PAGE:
Amy Clark and Katy Gordon Share Their Unassuming, Uncommon Poetry at Observable Readings March 7
The title of Amy Clark’s first book of poetry, Stray Home, suggests both a temporary dwelling for a lost, unattached creature, and the act of a creature journeying toward permanent shelter. We can expect Clark to tell us two or more things in the same breath, and so much about love, grief, and hope, for that matter, in two simple words. She unzips rueful lifetimes from sonnets like “First Thing This Morning” and plumbs a bottomless loss in the villanelle “The Lafayette Square Holiday Mansion.” Employing predictable forms and exploring such familiar subjects as father and daughter, a dying pet dog, or a soured romance, Clark is anything but predictable or familiar. Her poems shatter glass without histrionics. They make us suspect that our own visions may be self-delusions. Yet compassion and gentleness brim in her work; strays deserve no worse.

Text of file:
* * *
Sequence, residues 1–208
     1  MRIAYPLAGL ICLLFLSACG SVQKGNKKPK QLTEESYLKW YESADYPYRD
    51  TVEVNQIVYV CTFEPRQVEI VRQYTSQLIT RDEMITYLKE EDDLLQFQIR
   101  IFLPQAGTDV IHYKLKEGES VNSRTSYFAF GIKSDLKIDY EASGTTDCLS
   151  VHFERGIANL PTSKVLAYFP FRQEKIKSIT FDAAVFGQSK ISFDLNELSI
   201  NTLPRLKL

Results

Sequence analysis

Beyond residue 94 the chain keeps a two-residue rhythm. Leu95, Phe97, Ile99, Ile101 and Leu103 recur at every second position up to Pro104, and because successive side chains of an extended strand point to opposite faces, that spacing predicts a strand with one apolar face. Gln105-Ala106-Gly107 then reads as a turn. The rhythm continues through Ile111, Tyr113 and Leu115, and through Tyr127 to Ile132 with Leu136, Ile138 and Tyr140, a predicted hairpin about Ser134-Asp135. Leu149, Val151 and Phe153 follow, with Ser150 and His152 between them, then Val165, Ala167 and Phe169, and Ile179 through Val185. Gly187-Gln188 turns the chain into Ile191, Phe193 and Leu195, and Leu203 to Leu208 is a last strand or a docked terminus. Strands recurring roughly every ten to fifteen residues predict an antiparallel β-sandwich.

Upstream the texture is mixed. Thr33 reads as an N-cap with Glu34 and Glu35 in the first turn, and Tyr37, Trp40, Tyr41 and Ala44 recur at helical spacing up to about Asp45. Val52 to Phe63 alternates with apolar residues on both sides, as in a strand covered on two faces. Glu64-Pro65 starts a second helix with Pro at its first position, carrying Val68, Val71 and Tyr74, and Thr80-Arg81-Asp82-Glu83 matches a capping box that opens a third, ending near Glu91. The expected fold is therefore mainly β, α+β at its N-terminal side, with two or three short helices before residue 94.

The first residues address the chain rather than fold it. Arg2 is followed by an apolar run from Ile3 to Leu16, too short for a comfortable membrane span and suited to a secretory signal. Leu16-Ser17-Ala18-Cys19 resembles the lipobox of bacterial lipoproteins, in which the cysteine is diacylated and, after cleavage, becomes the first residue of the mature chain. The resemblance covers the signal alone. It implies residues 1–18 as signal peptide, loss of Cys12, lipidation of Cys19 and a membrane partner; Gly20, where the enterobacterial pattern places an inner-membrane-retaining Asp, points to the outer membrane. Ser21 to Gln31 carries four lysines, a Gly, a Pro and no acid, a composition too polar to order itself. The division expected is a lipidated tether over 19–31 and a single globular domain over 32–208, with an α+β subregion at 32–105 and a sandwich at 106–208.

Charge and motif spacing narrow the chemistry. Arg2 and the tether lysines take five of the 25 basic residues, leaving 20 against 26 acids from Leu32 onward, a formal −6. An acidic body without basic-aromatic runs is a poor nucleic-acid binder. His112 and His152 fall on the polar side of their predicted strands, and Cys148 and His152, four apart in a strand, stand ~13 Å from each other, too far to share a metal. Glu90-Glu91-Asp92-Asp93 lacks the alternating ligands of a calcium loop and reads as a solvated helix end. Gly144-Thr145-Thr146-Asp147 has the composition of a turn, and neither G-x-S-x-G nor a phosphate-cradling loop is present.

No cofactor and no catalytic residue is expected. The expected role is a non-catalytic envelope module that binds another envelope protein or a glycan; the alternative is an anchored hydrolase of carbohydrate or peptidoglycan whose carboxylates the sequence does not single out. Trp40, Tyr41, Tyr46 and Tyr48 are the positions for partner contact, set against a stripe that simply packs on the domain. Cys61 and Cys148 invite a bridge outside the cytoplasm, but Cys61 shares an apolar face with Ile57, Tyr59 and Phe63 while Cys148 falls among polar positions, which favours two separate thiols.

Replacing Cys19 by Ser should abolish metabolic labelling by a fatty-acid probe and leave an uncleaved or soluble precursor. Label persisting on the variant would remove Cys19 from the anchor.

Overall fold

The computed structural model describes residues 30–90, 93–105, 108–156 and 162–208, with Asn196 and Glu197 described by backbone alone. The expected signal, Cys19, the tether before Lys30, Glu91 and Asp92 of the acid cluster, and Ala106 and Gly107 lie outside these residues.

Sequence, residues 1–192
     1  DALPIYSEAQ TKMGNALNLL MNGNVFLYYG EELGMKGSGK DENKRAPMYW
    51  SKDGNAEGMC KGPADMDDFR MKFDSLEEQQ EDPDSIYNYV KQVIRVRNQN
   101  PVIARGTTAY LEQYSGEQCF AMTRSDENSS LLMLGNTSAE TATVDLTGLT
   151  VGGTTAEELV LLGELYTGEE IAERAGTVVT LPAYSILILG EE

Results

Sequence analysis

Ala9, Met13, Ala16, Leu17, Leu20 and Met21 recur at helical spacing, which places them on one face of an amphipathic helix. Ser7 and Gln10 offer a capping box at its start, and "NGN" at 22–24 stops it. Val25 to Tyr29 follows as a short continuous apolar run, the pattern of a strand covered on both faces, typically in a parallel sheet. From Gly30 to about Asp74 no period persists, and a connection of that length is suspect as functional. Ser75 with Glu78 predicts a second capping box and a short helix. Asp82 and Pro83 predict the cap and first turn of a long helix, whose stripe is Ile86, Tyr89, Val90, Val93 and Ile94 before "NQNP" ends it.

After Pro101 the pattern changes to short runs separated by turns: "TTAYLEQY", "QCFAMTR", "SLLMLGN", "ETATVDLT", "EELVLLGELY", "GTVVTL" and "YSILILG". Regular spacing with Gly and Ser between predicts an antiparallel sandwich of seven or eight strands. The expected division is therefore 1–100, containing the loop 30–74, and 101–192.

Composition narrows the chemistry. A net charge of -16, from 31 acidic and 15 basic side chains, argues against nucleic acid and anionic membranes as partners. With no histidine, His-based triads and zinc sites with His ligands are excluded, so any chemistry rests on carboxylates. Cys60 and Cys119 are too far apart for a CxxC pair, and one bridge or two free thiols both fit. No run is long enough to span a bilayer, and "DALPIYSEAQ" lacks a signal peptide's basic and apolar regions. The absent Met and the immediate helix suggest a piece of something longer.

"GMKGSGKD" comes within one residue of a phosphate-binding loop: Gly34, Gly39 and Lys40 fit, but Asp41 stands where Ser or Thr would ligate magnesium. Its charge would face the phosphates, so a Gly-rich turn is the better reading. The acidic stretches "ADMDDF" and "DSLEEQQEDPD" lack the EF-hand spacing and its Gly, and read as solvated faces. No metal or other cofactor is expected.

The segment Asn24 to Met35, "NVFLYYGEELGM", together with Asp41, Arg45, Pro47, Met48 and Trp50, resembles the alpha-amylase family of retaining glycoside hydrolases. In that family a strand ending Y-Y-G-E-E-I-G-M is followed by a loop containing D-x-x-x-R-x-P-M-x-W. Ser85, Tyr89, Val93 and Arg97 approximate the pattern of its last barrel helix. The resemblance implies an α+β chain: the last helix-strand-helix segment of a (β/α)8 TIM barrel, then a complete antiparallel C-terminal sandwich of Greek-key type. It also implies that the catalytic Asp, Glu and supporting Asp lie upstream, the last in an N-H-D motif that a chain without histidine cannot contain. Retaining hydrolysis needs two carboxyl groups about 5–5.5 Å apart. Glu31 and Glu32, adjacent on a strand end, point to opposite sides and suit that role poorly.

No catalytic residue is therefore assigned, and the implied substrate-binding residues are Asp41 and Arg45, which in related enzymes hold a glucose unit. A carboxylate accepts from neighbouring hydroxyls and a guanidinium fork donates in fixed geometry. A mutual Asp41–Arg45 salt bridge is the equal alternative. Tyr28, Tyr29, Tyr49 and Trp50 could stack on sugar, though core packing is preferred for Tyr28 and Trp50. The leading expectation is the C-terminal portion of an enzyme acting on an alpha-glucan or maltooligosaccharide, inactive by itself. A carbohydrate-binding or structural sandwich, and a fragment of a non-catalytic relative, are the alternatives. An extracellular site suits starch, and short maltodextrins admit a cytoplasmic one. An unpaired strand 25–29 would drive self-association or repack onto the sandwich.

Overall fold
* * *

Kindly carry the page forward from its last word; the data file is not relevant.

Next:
Charming and discreetly intellectual, Katy Gordon’s poems demonstrate an enviable ability to make any subject come alive. They portray the natural world, the city, and even us silly humans with refreshing wit, clarity, and extraordinary depth. Evident in every poem are an engaged mind—polymathic in its range of knowledge—and an unassuming speaker with both an accessible and delightfully unusual way of speaking. It’s no wonder that Gordon also wrote a lengthy glossary of Scots for her anthology Voices From Their Ain Countrie: The Poems of Marion Angus and Violet Jacob (2006), the first scholarly edition of selected poems by the two writers. The glossary, much like Gordon’s poetry, twinkles with rare and splendid words.